16
How internal and external variables interact in
the social cognitive approach cont.
  • The students behavior interacts with the
    environment, producing a consequence. The first
    student might approach his teacher for extra
    help, the other might get sent out for class
    disruption
  • Consequences are then processed through an
    individuals personal variables, and feedback
    will strengthen, maintain, or weaken the
    behavior.

17
Core beliefs to guide implementation (Panico,
2009)
  1. Human behavior is complex
  2. Misbehavior is not always willful
  3. Long term success is the goal
  4. Teamwork is critical
  5. The student must be involved

18
Core beliefs to guide implementation cont.
(Panico, 2009)
  1. Flexibility is critical
  2. Optimism is critical
  3. Patience is critical
  4. The plan must be positive
  5. The plan must go beyond reinforcement

19
Tools to change behavior (Panico, 2009)
  • Reinforcement based tools
  • Belief based tools
  • Skill based tools
  • Needs based tools
  • Environment based tools
  • All are needed to change behavior

20
Reinforcement based tools
  • Reinforcement based tools manipulate rewards and
    punishments
  • Contracts, rewards
  • Keep it positive and consistent
  • Include student in deciding whether
    reinforcements have been earned

21
Belief based tools
  • Belief based tools provide new information, new
    ways of looking at old information, or a broader
    context for evaluating information that positions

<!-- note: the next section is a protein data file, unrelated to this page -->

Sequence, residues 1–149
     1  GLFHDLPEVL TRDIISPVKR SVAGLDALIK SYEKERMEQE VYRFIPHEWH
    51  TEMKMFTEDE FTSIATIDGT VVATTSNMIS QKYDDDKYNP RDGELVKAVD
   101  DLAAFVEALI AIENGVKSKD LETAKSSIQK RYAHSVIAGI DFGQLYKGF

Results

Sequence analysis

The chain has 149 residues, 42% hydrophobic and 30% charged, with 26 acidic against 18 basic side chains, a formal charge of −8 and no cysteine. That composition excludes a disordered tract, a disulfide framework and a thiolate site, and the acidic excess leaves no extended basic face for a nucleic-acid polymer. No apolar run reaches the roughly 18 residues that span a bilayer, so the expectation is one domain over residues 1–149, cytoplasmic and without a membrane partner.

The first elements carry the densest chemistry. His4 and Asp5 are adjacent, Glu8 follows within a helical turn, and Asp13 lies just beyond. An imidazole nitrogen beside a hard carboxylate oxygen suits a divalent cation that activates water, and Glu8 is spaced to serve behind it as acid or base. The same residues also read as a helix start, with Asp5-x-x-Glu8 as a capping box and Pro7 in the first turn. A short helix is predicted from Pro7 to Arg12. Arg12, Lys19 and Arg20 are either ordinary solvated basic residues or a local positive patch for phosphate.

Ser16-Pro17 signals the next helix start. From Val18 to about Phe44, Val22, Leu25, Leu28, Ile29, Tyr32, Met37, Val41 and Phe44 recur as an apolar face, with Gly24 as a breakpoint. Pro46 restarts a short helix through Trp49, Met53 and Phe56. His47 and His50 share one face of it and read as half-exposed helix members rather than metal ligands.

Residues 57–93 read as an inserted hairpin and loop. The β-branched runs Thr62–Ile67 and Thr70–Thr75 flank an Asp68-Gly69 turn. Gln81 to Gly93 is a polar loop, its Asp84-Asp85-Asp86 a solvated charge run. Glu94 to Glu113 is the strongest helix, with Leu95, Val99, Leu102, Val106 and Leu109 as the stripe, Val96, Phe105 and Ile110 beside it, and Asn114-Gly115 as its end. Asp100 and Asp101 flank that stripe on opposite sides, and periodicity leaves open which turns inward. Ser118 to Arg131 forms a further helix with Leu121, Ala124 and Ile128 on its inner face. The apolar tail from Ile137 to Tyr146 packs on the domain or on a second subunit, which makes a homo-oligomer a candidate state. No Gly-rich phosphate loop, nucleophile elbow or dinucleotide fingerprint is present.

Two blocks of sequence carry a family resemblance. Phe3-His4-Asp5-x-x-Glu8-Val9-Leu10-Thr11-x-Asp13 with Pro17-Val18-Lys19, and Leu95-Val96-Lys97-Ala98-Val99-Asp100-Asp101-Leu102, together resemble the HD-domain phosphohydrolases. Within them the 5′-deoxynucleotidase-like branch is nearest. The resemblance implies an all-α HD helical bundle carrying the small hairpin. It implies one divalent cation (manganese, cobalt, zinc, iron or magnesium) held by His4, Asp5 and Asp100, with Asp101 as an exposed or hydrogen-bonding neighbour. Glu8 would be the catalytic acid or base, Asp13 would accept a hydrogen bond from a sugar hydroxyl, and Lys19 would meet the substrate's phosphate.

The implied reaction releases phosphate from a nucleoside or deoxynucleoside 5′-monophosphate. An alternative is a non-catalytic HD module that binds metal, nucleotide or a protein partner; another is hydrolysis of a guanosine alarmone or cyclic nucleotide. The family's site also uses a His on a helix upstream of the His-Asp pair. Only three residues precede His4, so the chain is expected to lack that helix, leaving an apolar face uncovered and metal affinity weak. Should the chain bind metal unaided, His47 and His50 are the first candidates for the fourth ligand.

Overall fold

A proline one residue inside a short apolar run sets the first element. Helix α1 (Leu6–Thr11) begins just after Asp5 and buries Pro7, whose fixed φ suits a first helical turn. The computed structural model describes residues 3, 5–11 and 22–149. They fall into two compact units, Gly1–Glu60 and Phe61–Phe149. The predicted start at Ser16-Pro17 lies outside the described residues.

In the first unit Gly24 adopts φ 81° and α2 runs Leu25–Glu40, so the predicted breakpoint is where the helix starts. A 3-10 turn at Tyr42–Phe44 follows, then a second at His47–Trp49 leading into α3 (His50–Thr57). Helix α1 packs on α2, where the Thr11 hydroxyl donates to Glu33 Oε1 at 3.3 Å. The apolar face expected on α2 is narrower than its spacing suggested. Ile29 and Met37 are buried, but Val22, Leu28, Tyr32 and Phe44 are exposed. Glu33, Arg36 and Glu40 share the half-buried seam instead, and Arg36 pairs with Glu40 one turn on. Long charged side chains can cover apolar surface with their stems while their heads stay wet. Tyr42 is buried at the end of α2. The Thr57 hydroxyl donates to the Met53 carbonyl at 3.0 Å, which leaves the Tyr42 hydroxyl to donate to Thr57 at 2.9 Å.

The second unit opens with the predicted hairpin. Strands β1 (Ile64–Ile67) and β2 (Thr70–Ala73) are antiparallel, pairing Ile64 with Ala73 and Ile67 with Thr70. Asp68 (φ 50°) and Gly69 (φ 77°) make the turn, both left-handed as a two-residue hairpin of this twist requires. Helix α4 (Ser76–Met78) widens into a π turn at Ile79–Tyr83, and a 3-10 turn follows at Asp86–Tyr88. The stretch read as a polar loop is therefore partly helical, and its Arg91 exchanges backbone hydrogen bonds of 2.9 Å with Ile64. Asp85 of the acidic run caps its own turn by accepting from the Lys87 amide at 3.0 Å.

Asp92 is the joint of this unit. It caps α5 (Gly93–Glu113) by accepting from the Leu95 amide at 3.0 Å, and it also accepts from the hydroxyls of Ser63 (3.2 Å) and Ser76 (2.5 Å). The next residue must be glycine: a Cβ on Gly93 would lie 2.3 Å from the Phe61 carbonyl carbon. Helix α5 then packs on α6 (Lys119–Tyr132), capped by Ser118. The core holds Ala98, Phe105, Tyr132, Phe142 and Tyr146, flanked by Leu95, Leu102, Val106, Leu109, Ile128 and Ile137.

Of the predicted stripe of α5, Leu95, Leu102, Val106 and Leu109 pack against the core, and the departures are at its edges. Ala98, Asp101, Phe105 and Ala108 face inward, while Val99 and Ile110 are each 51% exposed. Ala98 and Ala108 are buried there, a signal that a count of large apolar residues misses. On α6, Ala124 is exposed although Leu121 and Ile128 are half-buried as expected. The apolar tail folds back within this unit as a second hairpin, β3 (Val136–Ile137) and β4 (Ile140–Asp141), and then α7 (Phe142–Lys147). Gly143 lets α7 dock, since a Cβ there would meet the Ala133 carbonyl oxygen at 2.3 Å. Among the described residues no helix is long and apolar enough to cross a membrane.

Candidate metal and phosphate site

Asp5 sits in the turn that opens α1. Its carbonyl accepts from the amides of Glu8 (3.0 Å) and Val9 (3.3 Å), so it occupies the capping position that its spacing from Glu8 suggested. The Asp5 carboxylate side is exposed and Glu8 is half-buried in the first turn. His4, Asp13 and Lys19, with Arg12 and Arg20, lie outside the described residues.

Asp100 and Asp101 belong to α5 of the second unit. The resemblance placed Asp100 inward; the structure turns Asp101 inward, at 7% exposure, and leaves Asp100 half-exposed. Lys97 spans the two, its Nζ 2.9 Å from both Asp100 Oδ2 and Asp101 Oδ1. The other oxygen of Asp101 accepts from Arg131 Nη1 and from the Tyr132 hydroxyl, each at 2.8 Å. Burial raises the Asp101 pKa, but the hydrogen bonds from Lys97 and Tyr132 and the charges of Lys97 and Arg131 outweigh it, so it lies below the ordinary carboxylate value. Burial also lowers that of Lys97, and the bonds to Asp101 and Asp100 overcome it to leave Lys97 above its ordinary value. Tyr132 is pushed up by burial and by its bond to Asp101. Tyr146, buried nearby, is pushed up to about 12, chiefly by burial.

the student to substitute empowering beliefs for
    disabling beliefs
  • Substitute rational statements for irrational
    statements in self talk
  • Behavior change is based on belief change, not
    the other way around

22
Skills based tools
  • Skills based tools teach a skill or skill set the
    student must master in order to be successful
  • Counting backwards from 10 to control anger
  • Basic academic skills
  • Social skills

23
Needs based tools
  • Needs based tools identify the basic need
    gratified by a maladaptive or socially
    unacceptable behavior. After the need is
    identified, an adaptive and socially acceptable
    behavior is substituted that meets the need
  • Finding a mentor or joining the track team to
    fill a need to belong instead of joining a gang
  • Most students will need adult assistance to
    identify the need being met by the undesired
    behavior

24
Environment based tools
  • Environment based tools seek to change behavior
    through thoughtful adaptations to environmental
    variables
  • Seating arrangements, instructional level, test
    accommodations, change in schedule
  • Build a more inclusive classroom community

25
The Plan to Do Better Process (Panico, 2009)
  • Step 1 Identify and describe the nonproductive